I am beginning to believe that most of the phenomena in our world are too complex to be modeled using closed-form analytic models. Even if you could identify the variables, the inter-relationship between the variables are forever changing, and the variables themselves might change. The natural tendency is to turn to computer simulation modeling, where we generate data for the simulation, run the simulation and analyze the results.. From this we can calculate probability of outcomes and the confidence intervals. Computer simulation is widely used in many fields from the simulation of manufacturing processes, to military planning and econometric forecasting, and the valuation of financial derivatives. On a more pedestrianlevel it can help estimate waiting times in queues, estimate the resources required for a project or help with decision-making when there are several options. The exponential increase in the speed and power of today's computers makes simulation less of a chore than it was 10 years ago. However, there are still limits to what simulation can do.
1. Simulation models are usually less 'complete' than closed-form analytic models, out of necessity. No matter how powerful today's computers are, the addition of each variable to the model results in an exponential growth in the time and load of of the simulation to the computer. Thus simulation is good when reduction, simplification and abstraction of a real-life situation does not affect its realism and the output does not become inaccurate.
2. Although we can generate the data for our simulation, the choice of the appropriate distribution to generate our data to, is all-important. Choose a distribution that does not fit the real life situation and you are are in trouble right away. For example, the Weibull distribution with its changeable parameters has been found to be suitable for quality control simulation. But using it for financial market simulation is not so appropriate. Financial markets with their long fat tails [leptokurtic] are not even a fit for a Gaussian distribution. Just studying the types of distributions and arguing about which is the most appropriate one to use is a major preoccupation. Poisson, Binomial, Student t, Lognormal, etc all have their merits and demerits.
3. After generating the data, outliers must be removed. But again when you are trying to simulate financial markets where mega-events of 8 or 9 standard deviations happen infrequently, but once they happen, have a disastrous effect on the markets [such as the Long Term Capital and Amaranth debacles] Leaving these outliers in might even make the model more realistic.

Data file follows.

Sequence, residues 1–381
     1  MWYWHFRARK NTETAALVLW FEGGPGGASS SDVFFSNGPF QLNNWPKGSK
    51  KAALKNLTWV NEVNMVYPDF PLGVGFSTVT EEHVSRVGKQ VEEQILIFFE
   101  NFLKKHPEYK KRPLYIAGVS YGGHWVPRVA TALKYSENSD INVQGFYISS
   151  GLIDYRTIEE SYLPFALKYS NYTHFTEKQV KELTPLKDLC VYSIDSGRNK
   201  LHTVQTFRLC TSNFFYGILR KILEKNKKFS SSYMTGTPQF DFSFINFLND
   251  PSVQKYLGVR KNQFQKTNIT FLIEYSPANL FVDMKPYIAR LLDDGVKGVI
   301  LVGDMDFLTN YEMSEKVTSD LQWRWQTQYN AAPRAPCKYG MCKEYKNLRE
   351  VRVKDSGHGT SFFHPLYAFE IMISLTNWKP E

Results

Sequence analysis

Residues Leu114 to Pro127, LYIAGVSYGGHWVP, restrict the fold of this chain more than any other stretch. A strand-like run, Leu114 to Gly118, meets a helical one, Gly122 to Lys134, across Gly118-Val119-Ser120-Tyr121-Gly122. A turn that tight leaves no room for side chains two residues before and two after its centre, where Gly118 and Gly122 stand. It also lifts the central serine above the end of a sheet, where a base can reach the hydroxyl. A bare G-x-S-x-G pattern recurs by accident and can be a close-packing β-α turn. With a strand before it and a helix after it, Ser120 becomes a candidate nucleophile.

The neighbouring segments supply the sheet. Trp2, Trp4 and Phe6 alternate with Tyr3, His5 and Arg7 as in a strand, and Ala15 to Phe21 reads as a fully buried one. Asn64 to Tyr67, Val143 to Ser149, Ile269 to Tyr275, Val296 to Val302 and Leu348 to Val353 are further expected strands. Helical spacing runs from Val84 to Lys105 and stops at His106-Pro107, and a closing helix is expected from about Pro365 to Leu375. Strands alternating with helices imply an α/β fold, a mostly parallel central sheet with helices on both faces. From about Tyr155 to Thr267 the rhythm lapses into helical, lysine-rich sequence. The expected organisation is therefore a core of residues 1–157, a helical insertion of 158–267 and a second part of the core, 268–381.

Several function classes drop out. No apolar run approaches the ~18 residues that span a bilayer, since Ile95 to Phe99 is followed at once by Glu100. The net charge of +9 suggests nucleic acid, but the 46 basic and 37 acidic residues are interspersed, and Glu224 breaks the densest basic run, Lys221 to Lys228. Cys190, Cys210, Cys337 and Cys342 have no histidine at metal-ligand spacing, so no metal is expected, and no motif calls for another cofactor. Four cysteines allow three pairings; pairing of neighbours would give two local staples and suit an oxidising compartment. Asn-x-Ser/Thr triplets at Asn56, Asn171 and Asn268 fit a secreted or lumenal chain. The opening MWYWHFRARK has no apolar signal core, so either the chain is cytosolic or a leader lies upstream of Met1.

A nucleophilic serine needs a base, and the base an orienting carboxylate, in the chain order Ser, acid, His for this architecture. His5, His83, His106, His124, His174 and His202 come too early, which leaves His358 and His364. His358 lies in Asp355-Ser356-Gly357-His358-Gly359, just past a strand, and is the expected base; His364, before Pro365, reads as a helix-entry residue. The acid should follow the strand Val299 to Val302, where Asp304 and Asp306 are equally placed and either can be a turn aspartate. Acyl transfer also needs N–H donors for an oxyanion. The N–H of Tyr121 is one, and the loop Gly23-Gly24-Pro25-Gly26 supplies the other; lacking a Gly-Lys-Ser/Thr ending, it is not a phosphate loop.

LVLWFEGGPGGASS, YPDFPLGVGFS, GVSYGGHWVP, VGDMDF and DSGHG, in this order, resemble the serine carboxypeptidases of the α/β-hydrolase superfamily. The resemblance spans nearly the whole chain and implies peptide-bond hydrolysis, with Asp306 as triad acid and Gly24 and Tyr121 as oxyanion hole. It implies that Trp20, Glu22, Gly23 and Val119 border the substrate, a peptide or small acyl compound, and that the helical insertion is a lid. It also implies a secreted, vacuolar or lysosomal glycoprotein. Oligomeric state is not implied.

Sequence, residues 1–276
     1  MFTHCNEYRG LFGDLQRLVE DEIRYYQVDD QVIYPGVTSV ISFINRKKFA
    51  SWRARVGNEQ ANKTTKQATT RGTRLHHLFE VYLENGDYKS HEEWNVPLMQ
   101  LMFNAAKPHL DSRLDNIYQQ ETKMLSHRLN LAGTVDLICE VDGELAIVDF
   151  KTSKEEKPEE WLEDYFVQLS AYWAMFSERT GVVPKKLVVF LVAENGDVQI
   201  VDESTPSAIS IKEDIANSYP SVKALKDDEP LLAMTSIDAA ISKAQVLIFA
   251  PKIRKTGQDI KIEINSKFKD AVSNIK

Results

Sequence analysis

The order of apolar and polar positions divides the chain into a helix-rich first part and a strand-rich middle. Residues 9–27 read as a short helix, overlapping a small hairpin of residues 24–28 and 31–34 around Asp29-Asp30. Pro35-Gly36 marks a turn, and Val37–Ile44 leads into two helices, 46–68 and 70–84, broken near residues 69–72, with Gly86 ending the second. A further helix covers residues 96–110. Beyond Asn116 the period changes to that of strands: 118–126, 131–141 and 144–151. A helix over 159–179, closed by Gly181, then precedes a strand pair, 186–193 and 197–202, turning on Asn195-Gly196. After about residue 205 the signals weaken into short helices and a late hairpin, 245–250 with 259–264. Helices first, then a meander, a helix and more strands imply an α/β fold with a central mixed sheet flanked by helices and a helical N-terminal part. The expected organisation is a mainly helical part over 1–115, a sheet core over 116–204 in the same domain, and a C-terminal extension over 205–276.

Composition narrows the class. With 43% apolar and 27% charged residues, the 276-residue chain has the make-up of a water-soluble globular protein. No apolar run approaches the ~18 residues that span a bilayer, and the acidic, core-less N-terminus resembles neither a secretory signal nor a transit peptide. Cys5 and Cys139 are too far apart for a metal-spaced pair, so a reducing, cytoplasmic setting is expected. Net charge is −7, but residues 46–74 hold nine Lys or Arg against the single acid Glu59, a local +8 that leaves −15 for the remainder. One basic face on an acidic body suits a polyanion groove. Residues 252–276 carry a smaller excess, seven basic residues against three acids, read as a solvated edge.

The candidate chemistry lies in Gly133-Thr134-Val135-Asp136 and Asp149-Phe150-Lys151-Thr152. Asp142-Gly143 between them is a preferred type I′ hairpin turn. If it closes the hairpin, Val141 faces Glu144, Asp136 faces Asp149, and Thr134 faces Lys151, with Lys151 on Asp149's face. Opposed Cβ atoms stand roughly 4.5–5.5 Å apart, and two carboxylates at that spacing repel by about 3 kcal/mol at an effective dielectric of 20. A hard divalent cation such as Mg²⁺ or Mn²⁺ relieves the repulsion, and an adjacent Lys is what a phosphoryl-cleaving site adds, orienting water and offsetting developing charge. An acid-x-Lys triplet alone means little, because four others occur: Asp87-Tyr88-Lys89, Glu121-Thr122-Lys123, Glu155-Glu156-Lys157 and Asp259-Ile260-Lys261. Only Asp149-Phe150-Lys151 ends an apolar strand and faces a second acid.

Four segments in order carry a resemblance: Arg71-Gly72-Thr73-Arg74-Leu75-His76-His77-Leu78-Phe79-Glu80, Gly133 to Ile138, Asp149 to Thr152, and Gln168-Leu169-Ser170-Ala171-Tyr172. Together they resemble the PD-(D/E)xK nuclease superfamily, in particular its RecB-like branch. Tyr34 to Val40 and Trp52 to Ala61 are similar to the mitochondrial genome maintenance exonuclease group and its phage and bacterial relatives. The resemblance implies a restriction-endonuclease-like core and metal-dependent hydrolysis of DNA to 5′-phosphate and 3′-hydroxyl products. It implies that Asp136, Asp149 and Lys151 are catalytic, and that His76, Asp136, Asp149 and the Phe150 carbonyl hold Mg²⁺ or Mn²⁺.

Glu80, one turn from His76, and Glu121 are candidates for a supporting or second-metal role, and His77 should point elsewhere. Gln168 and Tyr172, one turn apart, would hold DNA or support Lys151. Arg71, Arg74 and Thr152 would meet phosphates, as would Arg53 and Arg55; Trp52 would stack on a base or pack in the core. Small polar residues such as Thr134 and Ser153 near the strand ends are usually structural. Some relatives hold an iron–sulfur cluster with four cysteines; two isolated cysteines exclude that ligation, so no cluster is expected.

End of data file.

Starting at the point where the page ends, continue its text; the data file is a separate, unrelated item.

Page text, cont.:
4.When a simulation has been completed, the data needs to be analysed. The simulation's output data will only produce a likely estimate of real-world events. Methods to increase the accuracy of output data include: repeatedly performing simulations and comparing results, dividing events into batches and processing them individually, and checking that the results of simulations conducted in adjacent time periods “connect” to produce a coherent holistic view of the system.
5.As most systems involve stochastic processes, simulations frequently make use of random number generators to create input data which approximates the random nature of real-world events. Computer generated [random numbers] are usually not random in the strictest sense, as they are calculated using a set of equations. Such numbers are known as pseudo-random numbers. Again, as in choice of distribution, choice of random number generator is a long topic. All sorts of ingenious algorithms for random number generation has been deviced, and the choice of a algorithm can have an effect on the simulation results.
6. A detailed knowledge of the various types of Distributions is absolutely essential. Random numbers can be Poisson, Bernoulli, Gamma, Geometric, Binomial etc. It depends which one is more fitting for the phenomenon you are trying to simulate. Also, you have to know Probability theory, especially dependent probabilities where the probability of an event happening is dependent on the probability of another event happening. Simulation can be like Markov Chains where the next state is independent of the present state or Bayesian network where there is a network of probabilistic dependencies.
7. A simulation should also be tested for sensitivity analysis, ie. how sensitive the model is to a measured change in one of the coefficients of the variables Those variables with the greatest sensitivity should be noted and their role in the real-life situation reviewed.